Complex symptomatology among young women who present with stress-related problems
2015 (English)In: Scandinavian Journal of Caring Sciences, ISSN 0283-9318, E-ISSN 1471-6712, Vol. 29, no 2, 234-247 p.Article in journal (Refereed) Published
Introduction: In Scandinavia and globally, mental health and stress-related problems among adolescent girls and young women are public health concerns that need attention. The aim of this study was to investigate mental health and somatic symptoms with a special focus on internalized problems, self-image, and body-mind aspects of body perception in a group of adolescent girls and young women presenting with stress-related problems at a youth-friendly Swedish health center, and to compare them with normative and clinical reference groups.
Methods: The participants were 47 adolescent girls and young women, aged 17 to 25 years. The Adult Self Report (ASR), Social Analysis of Social Behavior (SASB) and Body Perception Questionnaire (BPQ) were used to measure multiple symptom areas.
Results: Compared to reference groups, adolescent girls and young women report complex symptomatology with high levels of internalized problems such as anxiousness, depression, and somatic complaints. This manifested in attention problems, negative self-image, and perceived bodily discomfort and distrust.
Adolescent girls and young women emerging into adulthood present complex symptomatology of stress-related problems. This study gathered valuable information about their symptoms when they were seeking help. These young women showed higher symptom frequency than normative groups, and similar or higher symptom frequency than other clinical groups. Our findings of internalised and cognitive problems, including impaired self-image and body perceptions, point to the need for preventive strategies and tailored multidisciplinary interventions involving body-based methods to meet this complexity. Using tenets of stress theory, the complex symptomatology may be understood as logical responses to overwhelming stimuli and demands that exceed their ability to cope and disturb their ‘equilibrium’. However, the complex gendered interplays between various external/internal stressors and a broad range of stress responses and health outcomes need further study in a long-term perspective.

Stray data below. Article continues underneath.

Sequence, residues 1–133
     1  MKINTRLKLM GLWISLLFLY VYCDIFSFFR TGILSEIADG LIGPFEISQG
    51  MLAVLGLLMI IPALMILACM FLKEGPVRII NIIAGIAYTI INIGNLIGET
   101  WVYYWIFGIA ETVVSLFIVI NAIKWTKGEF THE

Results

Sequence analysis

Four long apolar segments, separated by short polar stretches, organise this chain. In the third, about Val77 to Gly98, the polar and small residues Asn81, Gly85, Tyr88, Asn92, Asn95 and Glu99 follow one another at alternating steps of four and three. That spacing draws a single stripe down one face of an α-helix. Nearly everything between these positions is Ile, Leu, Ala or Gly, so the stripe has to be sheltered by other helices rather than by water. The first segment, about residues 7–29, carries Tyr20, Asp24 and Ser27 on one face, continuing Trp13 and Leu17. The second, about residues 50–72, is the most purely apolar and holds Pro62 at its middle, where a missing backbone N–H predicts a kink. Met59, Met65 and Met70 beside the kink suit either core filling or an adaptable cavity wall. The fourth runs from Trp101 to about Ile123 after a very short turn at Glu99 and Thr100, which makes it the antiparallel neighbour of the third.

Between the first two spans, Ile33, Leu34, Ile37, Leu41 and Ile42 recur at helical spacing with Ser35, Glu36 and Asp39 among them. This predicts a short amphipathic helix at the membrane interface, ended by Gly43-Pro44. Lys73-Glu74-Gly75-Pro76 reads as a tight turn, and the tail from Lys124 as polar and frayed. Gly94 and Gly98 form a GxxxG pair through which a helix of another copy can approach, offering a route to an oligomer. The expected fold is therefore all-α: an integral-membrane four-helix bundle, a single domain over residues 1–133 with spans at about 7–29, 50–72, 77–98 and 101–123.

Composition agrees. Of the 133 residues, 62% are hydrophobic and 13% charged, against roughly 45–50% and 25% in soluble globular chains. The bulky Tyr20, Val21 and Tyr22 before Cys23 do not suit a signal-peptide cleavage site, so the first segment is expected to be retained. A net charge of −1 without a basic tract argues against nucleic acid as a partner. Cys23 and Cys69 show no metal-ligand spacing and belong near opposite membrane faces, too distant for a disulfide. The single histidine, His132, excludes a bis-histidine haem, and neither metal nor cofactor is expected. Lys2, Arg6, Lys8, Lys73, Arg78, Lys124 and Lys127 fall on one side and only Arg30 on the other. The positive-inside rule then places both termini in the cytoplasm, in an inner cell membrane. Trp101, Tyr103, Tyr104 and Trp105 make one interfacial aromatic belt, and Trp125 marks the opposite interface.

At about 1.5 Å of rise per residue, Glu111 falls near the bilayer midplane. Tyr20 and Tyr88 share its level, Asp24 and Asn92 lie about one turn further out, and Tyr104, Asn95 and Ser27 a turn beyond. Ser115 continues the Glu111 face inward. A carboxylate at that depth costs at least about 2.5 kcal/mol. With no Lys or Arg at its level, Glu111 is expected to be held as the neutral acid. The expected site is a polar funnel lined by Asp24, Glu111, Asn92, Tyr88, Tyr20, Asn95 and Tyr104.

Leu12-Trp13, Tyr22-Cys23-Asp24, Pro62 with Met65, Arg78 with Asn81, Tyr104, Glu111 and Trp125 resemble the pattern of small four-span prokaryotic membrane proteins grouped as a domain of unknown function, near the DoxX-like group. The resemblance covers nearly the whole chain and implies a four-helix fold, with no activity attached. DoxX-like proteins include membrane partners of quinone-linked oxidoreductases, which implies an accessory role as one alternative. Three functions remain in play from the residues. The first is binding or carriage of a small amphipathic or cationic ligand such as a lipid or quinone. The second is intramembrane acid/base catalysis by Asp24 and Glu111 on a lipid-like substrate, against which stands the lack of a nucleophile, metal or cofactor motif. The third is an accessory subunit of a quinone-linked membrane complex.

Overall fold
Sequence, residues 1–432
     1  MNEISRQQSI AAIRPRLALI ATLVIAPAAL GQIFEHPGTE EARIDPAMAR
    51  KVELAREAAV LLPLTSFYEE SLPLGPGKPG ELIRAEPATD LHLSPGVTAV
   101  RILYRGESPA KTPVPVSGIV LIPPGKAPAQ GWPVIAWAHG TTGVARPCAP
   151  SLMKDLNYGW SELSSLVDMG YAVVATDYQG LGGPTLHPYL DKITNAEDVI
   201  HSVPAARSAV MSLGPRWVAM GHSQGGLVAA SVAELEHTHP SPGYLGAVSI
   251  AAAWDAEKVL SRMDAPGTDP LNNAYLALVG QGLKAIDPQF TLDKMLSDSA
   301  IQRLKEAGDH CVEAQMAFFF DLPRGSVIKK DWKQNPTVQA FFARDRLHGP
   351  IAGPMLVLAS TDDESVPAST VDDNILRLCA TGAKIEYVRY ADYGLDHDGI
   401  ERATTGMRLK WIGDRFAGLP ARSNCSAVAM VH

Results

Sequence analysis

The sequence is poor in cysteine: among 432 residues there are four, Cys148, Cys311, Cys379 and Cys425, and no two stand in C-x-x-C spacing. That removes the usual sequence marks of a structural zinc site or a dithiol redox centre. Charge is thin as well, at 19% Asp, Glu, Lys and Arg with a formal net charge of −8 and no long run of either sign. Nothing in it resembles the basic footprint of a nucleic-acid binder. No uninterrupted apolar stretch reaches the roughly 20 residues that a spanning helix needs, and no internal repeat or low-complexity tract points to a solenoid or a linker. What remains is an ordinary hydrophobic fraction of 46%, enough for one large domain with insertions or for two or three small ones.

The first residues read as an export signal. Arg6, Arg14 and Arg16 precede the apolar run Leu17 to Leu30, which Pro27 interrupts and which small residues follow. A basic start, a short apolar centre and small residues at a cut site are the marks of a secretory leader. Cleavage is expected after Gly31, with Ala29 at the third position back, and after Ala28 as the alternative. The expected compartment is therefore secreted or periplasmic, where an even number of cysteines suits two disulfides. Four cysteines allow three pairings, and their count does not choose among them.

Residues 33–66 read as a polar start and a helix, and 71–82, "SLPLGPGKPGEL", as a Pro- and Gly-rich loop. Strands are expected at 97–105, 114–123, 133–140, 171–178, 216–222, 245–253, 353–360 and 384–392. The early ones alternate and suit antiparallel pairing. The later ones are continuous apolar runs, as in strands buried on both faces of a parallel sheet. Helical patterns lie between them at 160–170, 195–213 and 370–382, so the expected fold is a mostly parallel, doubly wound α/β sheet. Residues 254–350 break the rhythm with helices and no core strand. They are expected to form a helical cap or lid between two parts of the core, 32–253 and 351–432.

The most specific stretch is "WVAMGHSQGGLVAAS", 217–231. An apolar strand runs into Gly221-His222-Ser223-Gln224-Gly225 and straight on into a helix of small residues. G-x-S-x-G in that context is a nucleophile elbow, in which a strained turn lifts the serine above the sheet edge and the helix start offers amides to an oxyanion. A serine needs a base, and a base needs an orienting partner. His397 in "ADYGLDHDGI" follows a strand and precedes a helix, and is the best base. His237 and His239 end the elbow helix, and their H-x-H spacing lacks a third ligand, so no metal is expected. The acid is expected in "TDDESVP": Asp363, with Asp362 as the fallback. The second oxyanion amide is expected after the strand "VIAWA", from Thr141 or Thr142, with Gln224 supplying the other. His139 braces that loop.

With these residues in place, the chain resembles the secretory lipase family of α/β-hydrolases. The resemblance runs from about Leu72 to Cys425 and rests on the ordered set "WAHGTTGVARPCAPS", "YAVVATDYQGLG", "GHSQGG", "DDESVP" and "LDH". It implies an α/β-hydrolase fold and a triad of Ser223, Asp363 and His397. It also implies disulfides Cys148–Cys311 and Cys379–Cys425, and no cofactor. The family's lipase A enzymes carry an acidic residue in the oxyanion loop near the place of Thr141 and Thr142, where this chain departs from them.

Place, publisher, year, edition, pages
2015. Vol. 29, no 2, 234-247 p.
mental health, stress, anxiety, adolescents, self-image, body image, body perception, physiotherapy
stress, psykisk ohälsa, psykosomatiska symtom, ungdomar, kropp, genus
Research subject genusvetenskap; Psychiatry; Physiotherapy
IdentifiersURN: urn:nbn:se:umu:diva-88763DOI: 10.1111/scs.12154ISI: 000354260700005OAI: oai:DiVA.org:umu-88763DiVA: diva2:717262
FunderSwedish Research Council, 521-2005-4848Forte, Swedish Research Council for Health, Working Life and Welfare, 2006 – 1512